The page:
Observerís parent company files for protection from bank

August 24, 2011 07:54 pm
Dispute is over loan's interest rate and terms


BEND — Western Communications, the parent company of The Observer, filed for Chapter 11 bankruptcy in federal court in Portland on Tuesday, citing difficulty renegotiating $18 million in loans with Bank of America.

The company will continue to operate normally as it reorganizes and creates a plan to pay its debts to the bank.

“No one likes to hear the word bankruptcy at all,” Chairwoman Betsy McCool said.

McCool’s family, which owns the company, supports the plan, she said.

“Our family business is here to stay.”

Since 2007, Western Communications has seen its revenues decline 25 percent. That, according to company President Gordon Black, is a direct result of declining advertising sales linked to the recession and Central Oregon’s real-estate challenges.

But Black said the decision to file for reorganization is due to the company’s trials with Bank of America.

“We have every intention to pay the loan back in full,” he said. “Our argument is over interest rates and terms. We’ve paid over $2 million (in penalty interest and fees) and we had to stop it to save the company.”

Western Communications holds several loans and a line of credit with the bank that paid for The Bulletin’s building and press, both of which the company began using in 2000. The company also used the loans to purchase a newspaper in Sonora, Calif.

According to Chief Financial Officer Karen Anderson, financial covenants in the loans required Western Communications to meet certain profit ratios.

The company failed to meet two of those covenants beginning in 2007, and in January 2009, Bank of America called the note and essentially doubled the interest rate on the loans from about 6 percent to 12 percent. The company eventually negotiated the rate to about 10 percent.

The bank twice agreed to put the loans in forbearance in the ensuing two years, with a default interest rate of about 9.5 percent; that additional interest and associated fees totaled about $2 million. The company also paid more than $500,000 in legal fees, appraisals and other associated costs. Anderson also noted that in 2009, at the behest of its attorneys, the company missed three payments while renegotiating with the bank but later paid them in full.

“To do what they want us to do we’d have to wreck all our newspapers and we’re not going to do it. We’re not going to do that to our employees, they’ve already done a lot,” McCool said. “If we were going to do what they wanted us to do we’d have to lay off mass quantities of people.”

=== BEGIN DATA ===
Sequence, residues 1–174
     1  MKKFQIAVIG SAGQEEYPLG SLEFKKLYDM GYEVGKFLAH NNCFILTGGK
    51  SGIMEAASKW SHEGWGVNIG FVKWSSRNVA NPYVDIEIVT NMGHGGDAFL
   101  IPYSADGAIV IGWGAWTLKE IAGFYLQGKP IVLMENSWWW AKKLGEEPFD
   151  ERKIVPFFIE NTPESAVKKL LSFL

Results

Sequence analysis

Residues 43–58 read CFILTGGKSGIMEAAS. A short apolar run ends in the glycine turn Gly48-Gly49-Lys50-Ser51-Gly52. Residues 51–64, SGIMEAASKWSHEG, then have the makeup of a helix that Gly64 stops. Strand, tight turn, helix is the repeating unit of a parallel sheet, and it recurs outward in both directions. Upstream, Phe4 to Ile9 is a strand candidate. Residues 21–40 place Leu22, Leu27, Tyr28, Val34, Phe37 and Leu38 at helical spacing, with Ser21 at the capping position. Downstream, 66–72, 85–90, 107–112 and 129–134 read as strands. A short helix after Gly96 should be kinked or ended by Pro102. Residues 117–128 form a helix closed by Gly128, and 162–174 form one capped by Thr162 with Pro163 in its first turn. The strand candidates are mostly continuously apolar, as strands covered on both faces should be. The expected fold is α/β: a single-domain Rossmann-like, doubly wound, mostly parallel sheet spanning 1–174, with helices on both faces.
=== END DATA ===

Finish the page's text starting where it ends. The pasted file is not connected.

Roger Hinshaw, the president of Bank of America for Oregon and Southwest Washington, did not return calls for comment.

Attorney John T. John, who represents Bank of America, also failed to return a call for comment.

Shirley Norton, a spokesperson for Bank of America, said she couldn’t speak about confidential customer information and didn’t want the case to play out in the media.

“We have tried to work with The Bulletin and help resolve their financial issues including giving them some more time,” she said. “But we don’t discuss our customers and we don’t disclose information on them.”

Black disagrees.

“They tried to work with us all right — by doubling our interest rate,” he said.

Chapter 11 bankruptcy is often called a reorganization bankruptcy. By filing the company is temporarily protected from creditors while the groups negotiate.

So far this year, 33 companies have filed Chapter 11 bankruptcy in Oregon; in total, more than 10,300 businesses and individuals have filed some sort of bankruptcy in 2011.

Al Kennedy, an attorney with Tonkon Torp in Portland, will represent Western Communications in the reorganization.

“This is the kind of case the bankruptcy code is designed to deal with,” he said. “This is a solid, operating entity with a real ... value that can be not only preserved but maximized with the use of the bankruptcy code.”

Kennedy said it’s common for Chapter 11 bankruptcies to be caused primarily by a single creditor.

Many companies that file Chapter 11 emerge from the bankruptcy and continue operating. If they fail to make their plan payments a creditor can sue or go back to bankruptcy court to move the company to liquidation in Chapter 7 bankruptcy.

Black said that won’t happen to Western Communications, which plans to pay the loans in full. What the company wants is a better interest rate and a longer term to repay the funds.

“It’s all about interest rate and term,” he said. “That’s the fight.”

Western Communications employs 385 people throughout its seven newspapers, two in California and five in Oregon including The Bulletin in Bend and The Observer in La Grande. It also owns the Nickel Ads in Central Oregon. The company’s payroll has shrunk from $15 million in 2007 to about $12.25 million today, mostly because in 2008 employees began taking furlough days and accepted pay cuts.

Other newspapers around the country have filed Chapter 11 bankruptcy in the past several years, including the Minneapolis Star-Tribune; the Tribune Co., which owns the Los Angeles Times, Chicago Tribune and other dailies and television stations; and Freedom, a company that owns the Orange County Register and other papers.

Closer to home, The Columbian in Vancouver, Wash., emerged from bankruptcy in January 2010.

Kennedy believes the reorganization will take six months.